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Mammography linked with better outcomes for women in their 40s: study

by Brendon Nafziger, DOTmed News Associate Editor | February 24, 2012
More women in their forties are having their breast cancers picked up by mammograms, and this is linked with less aggressive treatment and a lower risk of relapse and cancer-related death, according to a new prospective cohort study at a Seattle hospital. The trend towards mammography-detected cancers, and away from finding the cancer due to patient complaints or during an unrelated doctor visit, also coincided with finding the disease at an earlier stage, the study said.

Much of the debate around mammography screening centers on whether younger women ought to be screened. For instance, controversial 2009 guidelines from the U.S. Preventive Services Task Force argued women at normal risk for the disease should only get screened starting in their fifties. While the new study, published in the current issue of the journal Radiology, doesn't compare screened versus nonscreened populations, it does suggest that the earlier scans might be doing women some good.

"Our prospective study empowers physicians and patients with data demonstrating the reduction in morbidity associated with (mammography-detected) breast cancer in the 40-49-year age group," write the authors. The corresponding author, Judith Malmgren, is an epidemiologist with the University of Washington and the president of HealthStat Consulting.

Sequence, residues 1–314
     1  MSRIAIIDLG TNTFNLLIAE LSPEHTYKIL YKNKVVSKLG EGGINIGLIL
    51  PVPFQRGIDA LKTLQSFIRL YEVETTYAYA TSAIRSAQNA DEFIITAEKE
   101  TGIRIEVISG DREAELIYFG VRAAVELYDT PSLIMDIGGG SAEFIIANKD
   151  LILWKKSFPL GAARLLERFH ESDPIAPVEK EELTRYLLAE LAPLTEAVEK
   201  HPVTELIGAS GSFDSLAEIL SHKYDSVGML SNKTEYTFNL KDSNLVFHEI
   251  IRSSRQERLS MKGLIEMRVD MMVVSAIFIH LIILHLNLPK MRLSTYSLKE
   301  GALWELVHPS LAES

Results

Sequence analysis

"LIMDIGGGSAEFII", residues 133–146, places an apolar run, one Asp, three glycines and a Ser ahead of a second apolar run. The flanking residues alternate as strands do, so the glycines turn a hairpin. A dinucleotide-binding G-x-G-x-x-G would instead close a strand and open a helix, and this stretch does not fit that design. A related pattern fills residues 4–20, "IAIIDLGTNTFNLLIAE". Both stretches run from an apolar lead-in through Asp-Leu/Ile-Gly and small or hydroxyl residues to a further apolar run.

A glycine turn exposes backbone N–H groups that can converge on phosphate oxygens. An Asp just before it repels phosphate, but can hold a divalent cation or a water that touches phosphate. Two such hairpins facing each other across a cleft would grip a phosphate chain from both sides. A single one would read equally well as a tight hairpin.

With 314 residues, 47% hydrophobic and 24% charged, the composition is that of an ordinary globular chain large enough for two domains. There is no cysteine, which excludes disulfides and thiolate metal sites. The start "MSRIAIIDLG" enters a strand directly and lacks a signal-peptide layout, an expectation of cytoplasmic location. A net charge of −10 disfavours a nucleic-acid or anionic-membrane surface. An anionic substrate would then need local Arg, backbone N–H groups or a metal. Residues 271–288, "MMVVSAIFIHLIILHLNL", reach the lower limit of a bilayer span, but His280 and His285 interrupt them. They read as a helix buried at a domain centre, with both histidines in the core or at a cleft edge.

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The study, run at Seattle's Swedish Medical Center, tracked 1,977 women with breast cancer, aged 40 to 49, between 1990 and 2008. Over that 18-year period, the proportion of cancers detected by mammography increased from 28 percent to more than half of all cases, the researchers said. Meanwhile, the number of cancers found after a patient showed up complaining of symptoms or otherwise found by the doctor declined, the researchers said.

Patients whose cancers were found with mammography seemed to have somewhat better outcomes. For one, they were more likely to get less aggressive treatments, such as chemotherapy, surgery and radiation therapy (32 percent of mammography-detected patients versus 60 percent of patient or physician-detected ones) or radical mastectomies (25 percent of mammography cases versus 47 percent of the patient and physician-detected ones).

Also, they were less likely to die of the disease (4 percent of mammography-detected cases versus 11 percent of the others) or experience a relapse (6 percent versus 17 percent). At five years, disease-free survival rates were 94 percent for mammography-detected patients and 88 percent for the others, the study said.

Women in the mammography-detected group often had cancers discovered at an earlier stage, with 83 percent of the stage 0 cases found in this group. Most of these early-stage lesions were ductal carcinoma in situ, a non-invasive cancer which "may not always hold a mortal threat of disease if untreated at an early stage," the authors said. However, even when excluding these cases, mammography-detected women had less aggressive treatment and better survival rates in the study, the authors said.

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